I am not sure if this book has been translated into English, but I highly recommend for anyone looking for a balanced and fair overview of those fateful days.
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486. Board Game: PQ-17: Arctic Naval Operations 1941-43 [Average Rating:7.28 Overall Rank:2759]
Mark Christopher
United States
Salem
Massachusetts
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In the wonderful game, Bonaparte at Marengo, this is how to get nasty Frenchies out of a village.
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Interrupted my reading of The Fuller Memorandum to read the rulebook for PQ-17: Arctic Naval Operations 1941-43. Overly long and complex for what turned out to be a relatively smooth-flowing game. It did get the job done, however. Now back to Bob Howard's adventure with some cultists...
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487. Board Game: The Great Game [Average Rating:7.67 Unranked]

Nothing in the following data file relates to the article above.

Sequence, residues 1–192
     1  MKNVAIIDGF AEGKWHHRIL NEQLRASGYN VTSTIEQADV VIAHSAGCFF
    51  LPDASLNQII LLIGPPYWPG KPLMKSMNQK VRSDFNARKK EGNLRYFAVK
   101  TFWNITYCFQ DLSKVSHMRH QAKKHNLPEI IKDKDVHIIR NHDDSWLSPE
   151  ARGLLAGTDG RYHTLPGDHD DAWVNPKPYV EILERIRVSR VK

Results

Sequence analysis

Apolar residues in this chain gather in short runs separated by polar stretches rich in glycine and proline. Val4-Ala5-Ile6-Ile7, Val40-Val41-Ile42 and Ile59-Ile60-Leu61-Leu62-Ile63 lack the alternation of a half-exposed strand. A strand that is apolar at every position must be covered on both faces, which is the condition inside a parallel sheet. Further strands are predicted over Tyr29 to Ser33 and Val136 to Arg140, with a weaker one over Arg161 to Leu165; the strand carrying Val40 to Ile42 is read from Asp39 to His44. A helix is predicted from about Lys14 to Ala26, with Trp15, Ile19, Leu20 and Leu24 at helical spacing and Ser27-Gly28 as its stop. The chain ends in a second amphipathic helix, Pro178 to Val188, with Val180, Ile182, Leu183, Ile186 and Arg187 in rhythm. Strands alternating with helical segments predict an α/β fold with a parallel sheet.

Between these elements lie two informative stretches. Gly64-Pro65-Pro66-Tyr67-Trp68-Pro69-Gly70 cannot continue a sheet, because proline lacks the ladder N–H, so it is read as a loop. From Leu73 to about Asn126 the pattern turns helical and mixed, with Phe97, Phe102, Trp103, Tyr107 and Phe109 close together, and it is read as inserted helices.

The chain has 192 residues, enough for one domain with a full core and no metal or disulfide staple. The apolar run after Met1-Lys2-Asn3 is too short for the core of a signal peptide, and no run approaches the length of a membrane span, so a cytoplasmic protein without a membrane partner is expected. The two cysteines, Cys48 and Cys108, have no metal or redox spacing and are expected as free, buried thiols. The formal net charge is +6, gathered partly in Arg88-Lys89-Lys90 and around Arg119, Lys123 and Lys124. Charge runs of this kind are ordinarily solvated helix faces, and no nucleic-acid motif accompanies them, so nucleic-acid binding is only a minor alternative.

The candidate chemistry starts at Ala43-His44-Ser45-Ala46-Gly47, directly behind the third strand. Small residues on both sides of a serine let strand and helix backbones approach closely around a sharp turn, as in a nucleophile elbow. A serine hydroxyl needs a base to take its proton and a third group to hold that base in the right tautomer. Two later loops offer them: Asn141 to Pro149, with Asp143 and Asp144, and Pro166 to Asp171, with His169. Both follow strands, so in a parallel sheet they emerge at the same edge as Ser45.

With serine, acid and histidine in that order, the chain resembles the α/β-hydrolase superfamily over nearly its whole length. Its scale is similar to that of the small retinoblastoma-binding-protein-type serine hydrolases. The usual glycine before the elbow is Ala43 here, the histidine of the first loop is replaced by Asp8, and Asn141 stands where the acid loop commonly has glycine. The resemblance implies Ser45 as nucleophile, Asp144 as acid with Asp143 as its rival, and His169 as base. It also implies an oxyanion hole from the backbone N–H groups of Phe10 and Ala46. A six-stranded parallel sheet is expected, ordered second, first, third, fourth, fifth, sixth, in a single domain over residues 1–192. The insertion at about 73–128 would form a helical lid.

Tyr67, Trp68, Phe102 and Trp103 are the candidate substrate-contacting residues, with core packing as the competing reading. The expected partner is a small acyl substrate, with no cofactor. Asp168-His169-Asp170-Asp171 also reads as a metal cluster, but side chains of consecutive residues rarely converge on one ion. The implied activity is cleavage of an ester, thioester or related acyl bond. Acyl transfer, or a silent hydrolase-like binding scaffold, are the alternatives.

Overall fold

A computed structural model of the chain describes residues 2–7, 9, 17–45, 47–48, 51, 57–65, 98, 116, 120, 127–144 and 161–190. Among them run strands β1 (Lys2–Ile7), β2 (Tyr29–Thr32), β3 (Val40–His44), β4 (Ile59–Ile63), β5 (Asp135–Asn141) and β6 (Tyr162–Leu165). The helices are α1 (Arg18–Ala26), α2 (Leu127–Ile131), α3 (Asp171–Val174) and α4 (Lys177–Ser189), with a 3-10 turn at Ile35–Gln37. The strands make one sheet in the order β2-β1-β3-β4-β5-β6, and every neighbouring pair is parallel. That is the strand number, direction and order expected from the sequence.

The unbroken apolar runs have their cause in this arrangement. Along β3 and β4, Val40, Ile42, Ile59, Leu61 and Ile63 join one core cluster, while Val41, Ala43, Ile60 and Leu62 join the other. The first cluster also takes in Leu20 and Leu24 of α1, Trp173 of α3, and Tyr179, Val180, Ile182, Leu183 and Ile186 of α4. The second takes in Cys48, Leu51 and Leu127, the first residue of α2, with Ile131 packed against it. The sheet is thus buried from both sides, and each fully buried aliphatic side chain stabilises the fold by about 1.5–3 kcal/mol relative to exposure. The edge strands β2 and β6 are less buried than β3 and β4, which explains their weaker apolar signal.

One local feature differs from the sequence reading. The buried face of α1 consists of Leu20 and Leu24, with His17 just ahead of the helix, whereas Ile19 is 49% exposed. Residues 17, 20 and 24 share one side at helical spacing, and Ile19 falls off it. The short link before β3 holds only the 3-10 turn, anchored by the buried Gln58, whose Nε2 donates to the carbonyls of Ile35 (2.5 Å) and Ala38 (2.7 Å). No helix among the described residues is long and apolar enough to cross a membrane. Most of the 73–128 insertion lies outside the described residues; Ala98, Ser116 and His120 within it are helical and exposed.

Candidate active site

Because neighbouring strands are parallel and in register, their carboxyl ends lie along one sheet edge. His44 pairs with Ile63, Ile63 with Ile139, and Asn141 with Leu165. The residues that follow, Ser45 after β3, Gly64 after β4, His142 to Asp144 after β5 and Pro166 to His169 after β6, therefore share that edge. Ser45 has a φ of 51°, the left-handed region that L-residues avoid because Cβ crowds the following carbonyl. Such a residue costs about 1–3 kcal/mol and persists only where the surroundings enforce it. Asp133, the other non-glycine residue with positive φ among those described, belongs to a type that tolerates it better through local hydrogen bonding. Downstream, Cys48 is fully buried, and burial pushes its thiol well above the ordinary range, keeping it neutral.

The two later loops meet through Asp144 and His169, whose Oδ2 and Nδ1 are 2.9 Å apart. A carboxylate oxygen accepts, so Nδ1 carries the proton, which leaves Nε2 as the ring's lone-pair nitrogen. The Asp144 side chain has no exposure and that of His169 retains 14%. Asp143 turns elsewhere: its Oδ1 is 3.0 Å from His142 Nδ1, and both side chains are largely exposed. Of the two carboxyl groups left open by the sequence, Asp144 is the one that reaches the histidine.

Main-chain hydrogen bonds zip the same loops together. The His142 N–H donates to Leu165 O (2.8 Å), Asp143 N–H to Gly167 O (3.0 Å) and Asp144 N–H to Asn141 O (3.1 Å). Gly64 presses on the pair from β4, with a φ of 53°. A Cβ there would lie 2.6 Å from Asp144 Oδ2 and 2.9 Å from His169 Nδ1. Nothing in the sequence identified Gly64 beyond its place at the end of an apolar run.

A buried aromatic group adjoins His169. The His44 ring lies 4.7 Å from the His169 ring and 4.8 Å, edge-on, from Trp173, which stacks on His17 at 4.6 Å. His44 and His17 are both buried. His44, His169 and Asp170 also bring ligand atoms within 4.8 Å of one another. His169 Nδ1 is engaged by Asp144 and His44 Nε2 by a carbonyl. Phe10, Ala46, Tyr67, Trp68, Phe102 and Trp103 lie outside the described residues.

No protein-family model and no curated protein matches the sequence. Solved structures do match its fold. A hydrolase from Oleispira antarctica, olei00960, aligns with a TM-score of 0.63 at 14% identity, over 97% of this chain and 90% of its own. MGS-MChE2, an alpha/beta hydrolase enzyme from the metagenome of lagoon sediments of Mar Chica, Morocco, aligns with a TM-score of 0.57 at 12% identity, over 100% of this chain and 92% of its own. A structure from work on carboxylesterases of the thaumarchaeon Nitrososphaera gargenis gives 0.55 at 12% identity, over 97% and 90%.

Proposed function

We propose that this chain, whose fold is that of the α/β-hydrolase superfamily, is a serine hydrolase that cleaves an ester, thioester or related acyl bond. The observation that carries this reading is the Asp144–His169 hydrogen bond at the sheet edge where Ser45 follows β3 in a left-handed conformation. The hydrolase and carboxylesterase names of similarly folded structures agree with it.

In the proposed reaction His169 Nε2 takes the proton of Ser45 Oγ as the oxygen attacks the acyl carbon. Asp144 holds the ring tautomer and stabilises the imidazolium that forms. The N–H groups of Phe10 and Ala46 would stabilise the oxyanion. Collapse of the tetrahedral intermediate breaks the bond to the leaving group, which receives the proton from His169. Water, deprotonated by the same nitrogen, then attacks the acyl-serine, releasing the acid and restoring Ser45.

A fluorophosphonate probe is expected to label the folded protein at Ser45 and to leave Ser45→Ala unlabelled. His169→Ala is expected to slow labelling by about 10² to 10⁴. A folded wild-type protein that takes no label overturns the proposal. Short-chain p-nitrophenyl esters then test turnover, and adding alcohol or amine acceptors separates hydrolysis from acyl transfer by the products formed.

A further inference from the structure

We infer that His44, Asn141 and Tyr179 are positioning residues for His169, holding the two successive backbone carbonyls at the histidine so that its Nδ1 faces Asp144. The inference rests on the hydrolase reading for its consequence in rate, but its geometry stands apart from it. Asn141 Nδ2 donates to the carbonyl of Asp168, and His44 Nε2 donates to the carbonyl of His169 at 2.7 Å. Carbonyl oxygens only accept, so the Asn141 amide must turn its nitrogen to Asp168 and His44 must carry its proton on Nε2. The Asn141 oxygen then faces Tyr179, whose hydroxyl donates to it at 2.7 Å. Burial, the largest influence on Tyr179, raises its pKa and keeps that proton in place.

Mark Christopher
United States
Salem
Massachusetts
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In the wonderful game, Bonaparte at Marengo, this is how to get nasty Frenchies out of a village.
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Okay, now I've finished Charles Stross' The Fuller Memorandum, the third book in his Laundry Files series. A fun read; while I can't say this is better than the previous story (The Jennifer Morgue), it's certainly as good. He deals with another facet of the Lovecraft Mythos
Spoiler (click to reveal)
- in this case, the Brotherhood of the Black Pharoah, where the previous one touched on the Deep Ones and the Cthonians -

giving his particular take on it.

I'm looking forward to the next one, though I'll skip on over into Niven's Known Space again beforehand, to find out what happens now that the Ringworld
Spoiler (click to reveal)
disappeared.
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488. Board Game: Burn Rate [Average Rating:6.06 Overall Rank:3395]
Philip Thomas
United Kingdom
London
London